Origins Available: Irish
The Anglo- Norman Conquest
lead by Strongbow
introduced the first non-Gaelic elements into Irish nomenclature. These Anglo- Normans
brought some traditions to Ireland
that were not readily found within Gaelic system of hereditary surnames
. One of the best examples of this is the local
surnames, such as lanigint, were taken from the name of a place or a geographical feature where the person lived, held land, or was born. These surnames were very common in England
, but were almost non-existent within Ireland
previous to the conquest. Originally, these place names were prefixed by "de," which means "from" in French. This type of prefix was eventually either made a part of the surname, if the place name began with a vowel, or was eliminated entirely. The lanigint family originally lived in the settlement of Llanaghan, which is in the Welsh
county of Brecon.
Early Origins of the lanigint family
The surname lanigint was first found in County Roscommon
(Irish: Ros Comáin) located in central Ireland
in the province of Connacht
, where they were granted lands by Strongbow
after his invasion of Ireland
Early History of the lanigint family
This web page shows only a small excerpt of our lanigint research.Another 305 words (22 lines of text) covering the year 1249 is included under the topic Early lanigint History in all our PDF Extended History products and printed products wherever possible.
lanigint Spelling Variations
Medieval scribes and church officials spelt names simply the way they sounded, which explains the various name spelling variations
of the name lanigint that were encountered when researching that surname. The many spelling variations included: Lanigan, Lanahan, Lenaghan, Lanaghan, Linehan and many more.
Early Notables of the lanigint family (pre 1700)
More information is included under the topic Early lanigint Notables in all our PDF Extended History products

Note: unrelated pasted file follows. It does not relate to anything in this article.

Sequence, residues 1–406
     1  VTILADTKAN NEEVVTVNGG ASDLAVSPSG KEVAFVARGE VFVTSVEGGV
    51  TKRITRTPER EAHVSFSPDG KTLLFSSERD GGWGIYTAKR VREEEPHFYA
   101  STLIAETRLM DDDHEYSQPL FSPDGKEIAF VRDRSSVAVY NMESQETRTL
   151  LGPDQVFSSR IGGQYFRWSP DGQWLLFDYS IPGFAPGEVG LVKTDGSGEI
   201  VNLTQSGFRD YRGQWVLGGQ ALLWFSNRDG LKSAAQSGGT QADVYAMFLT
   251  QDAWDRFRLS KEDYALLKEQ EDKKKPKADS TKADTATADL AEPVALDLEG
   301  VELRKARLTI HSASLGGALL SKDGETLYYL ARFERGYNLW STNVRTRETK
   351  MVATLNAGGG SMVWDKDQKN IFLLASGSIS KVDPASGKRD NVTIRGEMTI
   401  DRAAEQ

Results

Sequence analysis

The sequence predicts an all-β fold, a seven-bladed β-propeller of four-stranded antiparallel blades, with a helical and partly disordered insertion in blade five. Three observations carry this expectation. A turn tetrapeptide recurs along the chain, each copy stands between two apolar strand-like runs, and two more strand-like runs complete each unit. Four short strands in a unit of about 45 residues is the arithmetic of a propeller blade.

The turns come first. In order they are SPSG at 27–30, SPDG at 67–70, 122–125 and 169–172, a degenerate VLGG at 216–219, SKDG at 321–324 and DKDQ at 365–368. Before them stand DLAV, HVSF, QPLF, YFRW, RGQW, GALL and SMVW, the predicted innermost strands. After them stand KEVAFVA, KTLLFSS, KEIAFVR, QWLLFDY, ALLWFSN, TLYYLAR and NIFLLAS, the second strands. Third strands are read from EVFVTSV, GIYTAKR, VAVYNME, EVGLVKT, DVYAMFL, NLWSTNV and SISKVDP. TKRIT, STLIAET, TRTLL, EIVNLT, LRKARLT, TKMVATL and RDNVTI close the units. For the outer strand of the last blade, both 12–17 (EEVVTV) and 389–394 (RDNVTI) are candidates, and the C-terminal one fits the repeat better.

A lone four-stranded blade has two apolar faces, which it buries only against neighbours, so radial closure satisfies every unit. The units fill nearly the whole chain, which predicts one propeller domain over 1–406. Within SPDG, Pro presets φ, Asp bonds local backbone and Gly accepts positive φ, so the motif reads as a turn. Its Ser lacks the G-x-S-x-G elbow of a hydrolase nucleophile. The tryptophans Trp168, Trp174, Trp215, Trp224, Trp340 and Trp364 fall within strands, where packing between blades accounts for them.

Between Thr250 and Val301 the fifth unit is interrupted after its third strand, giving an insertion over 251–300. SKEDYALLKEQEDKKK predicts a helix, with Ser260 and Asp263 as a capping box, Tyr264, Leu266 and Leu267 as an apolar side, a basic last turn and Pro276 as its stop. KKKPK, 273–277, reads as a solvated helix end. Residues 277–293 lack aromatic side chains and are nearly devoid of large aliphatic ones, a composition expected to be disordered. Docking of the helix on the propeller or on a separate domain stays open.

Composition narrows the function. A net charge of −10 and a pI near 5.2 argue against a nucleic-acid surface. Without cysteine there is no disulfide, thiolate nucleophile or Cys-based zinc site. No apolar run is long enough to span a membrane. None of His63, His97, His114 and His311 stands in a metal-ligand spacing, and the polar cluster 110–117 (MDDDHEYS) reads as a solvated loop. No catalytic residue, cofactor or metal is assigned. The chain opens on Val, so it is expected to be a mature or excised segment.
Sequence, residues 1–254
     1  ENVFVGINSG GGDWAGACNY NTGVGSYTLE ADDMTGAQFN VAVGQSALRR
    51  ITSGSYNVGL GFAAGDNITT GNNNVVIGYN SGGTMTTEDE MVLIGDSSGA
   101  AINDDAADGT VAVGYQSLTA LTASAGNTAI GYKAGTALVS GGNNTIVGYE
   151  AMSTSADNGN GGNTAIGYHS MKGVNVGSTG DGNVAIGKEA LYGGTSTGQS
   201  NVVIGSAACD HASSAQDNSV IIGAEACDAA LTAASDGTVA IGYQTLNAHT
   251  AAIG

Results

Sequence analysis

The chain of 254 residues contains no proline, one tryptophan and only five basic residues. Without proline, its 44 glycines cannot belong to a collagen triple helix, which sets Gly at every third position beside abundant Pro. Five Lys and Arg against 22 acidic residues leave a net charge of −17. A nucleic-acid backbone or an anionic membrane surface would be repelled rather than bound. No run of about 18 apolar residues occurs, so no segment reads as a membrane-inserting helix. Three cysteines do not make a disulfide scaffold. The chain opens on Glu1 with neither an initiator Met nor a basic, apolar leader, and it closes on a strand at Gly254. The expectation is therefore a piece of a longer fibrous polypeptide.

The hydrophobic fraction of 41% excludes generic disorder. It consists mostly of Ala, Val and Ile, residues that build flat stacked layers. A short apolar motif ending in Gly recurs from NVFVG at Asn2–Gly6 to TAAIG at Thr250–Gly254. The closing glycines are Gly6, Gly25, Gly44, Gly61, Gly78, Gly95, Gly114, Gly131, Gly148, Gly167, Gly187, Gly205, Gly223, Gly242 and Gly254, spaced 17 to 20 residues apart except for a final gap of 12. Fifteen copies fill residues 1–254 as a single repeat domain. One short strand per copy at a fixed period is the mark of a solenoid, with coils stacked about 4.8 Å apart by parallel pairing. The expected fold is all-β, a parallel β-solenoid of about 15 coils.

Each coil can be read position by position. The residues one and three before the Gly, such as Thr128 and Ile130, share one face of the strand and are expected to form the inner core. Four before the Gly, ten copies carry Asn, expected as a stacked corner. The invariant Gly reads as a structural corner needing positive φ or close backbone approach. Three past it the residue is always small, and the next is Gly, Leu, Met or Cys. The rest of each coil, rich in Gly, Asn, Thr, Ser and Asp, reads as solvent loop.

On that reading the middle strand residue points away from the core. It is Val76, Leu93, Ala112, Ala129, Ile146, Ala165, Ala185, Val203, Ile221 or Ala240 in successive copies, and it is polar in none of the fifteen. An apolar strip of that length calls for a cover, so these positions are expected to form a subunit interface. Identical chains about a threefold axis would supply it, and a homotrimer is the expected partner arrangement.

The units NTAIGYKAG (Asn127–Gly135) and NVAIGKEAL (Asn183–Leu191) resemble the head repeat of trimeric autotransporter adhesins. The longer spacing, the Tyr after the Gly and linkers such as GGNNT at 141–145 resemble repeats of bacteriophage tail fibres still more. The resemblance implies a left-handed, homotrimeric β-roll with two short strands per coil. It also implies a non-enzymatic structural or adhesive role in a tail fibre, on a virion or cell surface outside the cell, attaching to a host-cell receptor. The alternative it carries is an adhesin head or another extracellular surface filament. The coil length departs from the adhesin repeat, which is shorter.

and printed products wherever possible.
Migration of the lanigint family to the New World and Oceana
During the middle of the 19th century, Irish families
often experienced extreme poverty and racial discrimination in their own homeland under English rule. Record numbers died of disease and starvation and many others, deciding against such a fate, boarded ships bound for North America. The largest influx of Irish settlers occurred with Great Potato Famine
of the late 1840s. Unfortunately, many of those Irish that arrived in Canada or the United States still experienced economic and racial discrimination. Although often maligned, these Irish people were essential to the rapid development of these countries because they provided the cheap labor required for the many canals, roads, railways, and other projects required for strong national infrastructures. Eventually the Irish went on to make contributions in the less backbreaking and more intellectual arenas of commerce, education, and the arts. Research early immigration and passenger lists revealed many early immigrants bearing the name lanigint: Michael Lanagan, who came to Newfoundland in 1814; Edward Lanaghan, who arrived at St. John, New Brunswick in 1834; Cornelius, Biddy and George Lanagan, who all arrived in Philadelphia in 1828.
The lanigint Motto
The motto was originally a war cry or slogan. Mottoes first began to be shown with arms in the 14th and 15th centuries, but were not in general use until the 17th century. Thus the oldest coats of arms generally do not include a motto. Mottoes seldom form part of the grant of arms: Under most heraldic authorities, a motto is an optional component of the coat of arms, and can be added to or changed at will; many families have chosen not to display a motto.
Motto: Patriae infelici fidelis
Motto Translation: Faithful to an unhappy country.